SETI bioastro: PhysLINK.com Quote: Week of May 1, 2000

From: Larry Klaes (lklaes@bbn.com)
Date: Tue May 02 2000 - 13:27:49 PDT


Date: Sun, 30 Apr 2000 23:43:37 -0700
From: "PhysLINK.com" <quotes@physlink.com>
Subject: PhysLINK.com Quote: Week of May 1, 2000
X-Mailer: MailKing v2.0

             PhysLINK.com Quote of the Week (ISSN 1099-8683)
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        "I have a friend who's an artist and he's sometimes taken
        a view which I don't agree with very well. He'll hold up
        a flower and say. "Look how beautiful it is," and I'll agree,
        I think. And he says - " you see, I as an artist can see
        how beautiful this is, but you as a scientist, oh, take
        this all apart and it becomes a dull thing." And I think
        that he's kind of nutty. First of all, the beauty that
        he sees is available to other people and to me, too,
        I believe, although I might not be quite as refined
        aesthetically as he is, but I can appreciate the beauty
        of a flower. At the same time I see much more about the
        flower than he sees. I could imagine the cells in there,
        the complicated actions inside which also have a beauty.
        I mean it's not just beauty at this dimension of one
        centimeter, there is also beauty at a smaller dimension,
        the inner structure. Also the processes, the fact
        that the colors in the flower are evolved in order to
        attract insects to pollinate it is interesting - it means
        that insects can see the color. In adds a question:
        Does this aesthetic sense also exist in the lower form?
        Why is it aesthetic? All kinds of interesting questions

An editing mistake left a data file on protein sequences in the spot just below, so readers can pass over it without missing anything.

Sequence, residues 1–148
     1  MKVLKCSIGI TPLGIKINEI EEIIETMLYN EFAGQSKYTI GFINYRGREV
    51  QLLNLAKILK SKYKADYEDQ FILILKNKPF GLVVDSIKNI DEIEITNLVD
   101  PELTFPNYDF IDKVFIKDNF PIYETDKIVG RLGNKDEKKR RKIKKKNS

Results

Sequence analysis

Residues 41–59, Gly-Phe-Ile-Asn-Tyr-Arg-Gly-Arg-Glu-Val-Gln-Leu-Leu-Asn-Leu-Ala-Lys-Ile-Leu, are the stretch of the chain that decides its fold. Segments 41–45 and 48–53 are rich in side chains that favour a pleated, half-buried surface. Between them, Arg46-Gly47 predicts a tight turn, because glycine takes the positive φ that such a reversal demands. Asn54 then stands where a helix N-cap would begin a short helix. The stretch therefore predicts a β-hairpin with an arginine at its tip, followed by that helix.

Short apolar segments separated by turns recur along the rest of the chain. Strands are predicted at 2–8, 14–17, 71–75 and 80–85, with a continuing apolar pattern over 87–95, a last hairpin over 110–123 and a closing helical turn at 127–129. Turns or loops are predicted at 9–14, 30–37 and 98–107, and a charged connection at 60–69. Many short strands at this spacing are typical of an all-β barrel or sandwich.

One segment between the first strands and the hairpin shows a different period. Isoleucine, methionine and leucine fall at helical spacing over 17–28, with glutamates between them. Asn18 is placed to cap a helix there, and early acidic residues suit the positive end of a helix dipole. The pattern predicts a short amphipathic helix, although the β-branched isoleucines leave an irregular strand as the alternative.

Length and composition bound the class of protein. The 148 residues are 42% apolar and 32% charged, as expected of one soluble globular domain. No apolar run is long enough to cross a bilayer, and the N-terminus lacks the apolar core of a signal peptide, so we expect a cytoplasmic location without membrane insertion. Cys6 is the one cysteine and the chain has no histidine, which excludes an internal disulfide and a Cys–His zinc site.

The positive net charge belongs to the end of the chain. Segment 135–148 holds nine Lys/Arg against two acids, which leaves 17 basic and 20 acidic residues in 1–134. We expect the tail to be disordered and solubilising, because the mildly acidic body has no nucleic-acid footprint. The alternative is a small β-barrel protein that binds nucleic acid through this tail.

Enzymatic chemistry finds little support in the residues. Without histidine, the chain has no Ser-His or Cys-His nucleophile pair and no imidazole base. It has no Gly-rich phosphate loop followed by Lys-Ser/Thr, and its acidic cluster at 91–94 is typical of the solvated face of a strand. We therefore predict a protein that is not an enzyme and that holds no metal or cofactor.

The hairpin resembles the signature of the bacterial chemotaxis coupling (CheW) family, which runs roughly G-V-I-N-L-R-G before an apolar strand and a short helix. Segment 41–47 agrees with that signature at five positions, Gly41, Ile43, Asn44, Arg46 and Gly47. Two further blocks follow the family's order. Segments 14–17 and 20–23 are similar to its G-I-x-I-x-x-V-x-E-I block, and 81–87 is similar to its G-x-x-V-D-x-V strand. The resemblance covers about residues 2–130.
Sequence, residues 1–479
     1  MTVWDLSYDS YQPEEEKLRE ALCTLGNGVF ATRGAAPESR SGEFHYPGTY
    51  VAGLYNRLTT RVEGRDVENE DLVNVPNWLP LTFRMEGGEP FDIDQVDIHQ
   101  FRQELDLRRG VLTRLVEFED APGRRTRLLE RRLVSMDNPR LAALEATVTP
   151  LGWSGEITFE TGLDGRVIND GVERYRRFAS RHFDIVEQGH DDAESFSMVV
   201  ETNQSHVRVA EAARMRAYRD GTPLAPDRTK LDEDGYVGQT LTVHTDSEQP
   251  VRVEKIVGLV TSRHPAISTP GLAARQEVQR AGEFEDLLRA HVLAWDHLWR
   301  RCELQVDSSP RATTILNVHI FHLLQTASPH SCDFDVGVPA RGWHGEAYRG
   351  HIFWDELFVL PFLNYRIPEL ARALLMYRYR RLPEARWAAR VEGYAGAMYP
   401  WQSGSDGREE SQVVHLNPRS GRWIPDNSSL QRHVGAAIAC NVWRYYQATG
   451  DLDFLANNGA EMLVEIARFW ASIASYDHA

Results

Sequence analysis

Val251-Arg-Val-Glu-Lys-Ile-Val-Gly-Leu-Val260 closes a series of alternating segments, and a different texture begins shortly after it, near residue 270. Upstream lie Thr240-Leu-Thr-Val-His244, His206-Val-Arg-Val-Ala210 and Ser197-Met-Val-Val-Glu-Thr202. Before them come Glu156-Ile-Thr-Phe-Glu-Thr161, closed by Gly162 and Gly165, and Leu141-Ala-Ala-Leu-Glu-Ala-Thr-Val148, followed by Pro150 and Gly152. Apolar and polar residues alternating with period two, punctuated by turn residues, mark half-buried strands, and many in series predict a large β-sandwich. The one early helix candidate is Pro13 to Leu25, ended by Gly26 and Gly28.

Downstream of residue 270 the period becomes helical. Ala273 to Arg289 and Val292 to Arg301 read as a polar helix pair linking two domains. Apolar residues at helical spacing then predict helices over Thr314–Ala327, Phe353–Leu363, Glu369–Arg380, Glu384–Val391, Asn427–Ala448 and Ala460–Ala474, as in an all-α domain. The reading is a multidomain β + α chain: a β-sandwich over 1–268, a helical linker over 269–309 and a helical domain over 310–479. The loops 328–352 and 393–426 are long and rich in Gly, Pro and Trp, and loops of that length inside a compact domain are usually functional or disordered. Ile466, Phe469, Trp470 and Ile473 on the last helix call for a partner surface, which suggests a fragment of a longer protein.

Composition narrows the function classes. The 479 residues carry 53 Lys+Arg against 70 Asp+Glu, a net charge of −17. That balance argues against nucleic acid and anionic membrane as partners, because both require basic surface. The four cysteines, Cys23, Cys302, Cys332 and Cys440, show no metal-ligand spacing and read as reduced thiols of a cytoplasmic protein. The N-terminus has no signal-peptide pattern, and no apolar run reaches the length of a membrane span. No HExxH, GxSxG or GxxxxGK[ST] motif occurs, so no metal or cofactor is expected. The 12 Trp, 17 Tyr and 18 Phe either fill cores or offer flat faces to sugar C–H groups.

which a science knowledge only adds to the excitement
        and mystery and the awe of a flower. It only adds;
        I don't understand how it subtracts."

                                        - Richard P. Feynman
                                          (1918-1988)

        +-------------------------------------------------------+

        Richard P. Feynman
        
        US physicist whose work laid the foundations of quantum
        electrodynamics. For his work on the theory of radiation
        he shared the Nobel Prize for Physics 1965 with Julian
        Schwinger and Sin-Itiro Tomonga. He also contributed
        to many aspects of particle physics, including quark theory
        and the nature of the weak nuclear force. He is also
        considered one of the best physics teachers of modern times.

        To learn more about Richard P. Feynman, visit:

        http://www.britannica.com/bcom/eb/article/0/0,5716,34771+1+34161,00.html

        +-------------------------------------------------------+

        Buy the book:

        The Pleasure of Finding Things Out:
        The Best Short Works of Richard P. Feynman
        by Richard P. Feynman
         - only $16.80 at:

        http://www.amazon.com/exec/obidos/ASIN/0738201081/physlinktheultim

        +-------------------------------------------------------+

        Have a beautiful week!

        Yours,

        Anton Skorucak
        President and creator of PhysLINK.com
        http://www.PhysLINK.com

        +-------------------------------------------------------+

        Question of the week:

        What is the speed of light in parsecs per year? What is a parsec?

        Read the answer at:

        http://www.physlink.com/ae239.cfm

        +-------------------------------------------------------+

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        on the way to work, get some advice from John Gray or
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        +-------------------------------------------------------+

        Send FREE Virtual Einstein Cards to your friends:

        http://www.physlink.com/sendacard.cfm

        +-------------------------------------------------------+

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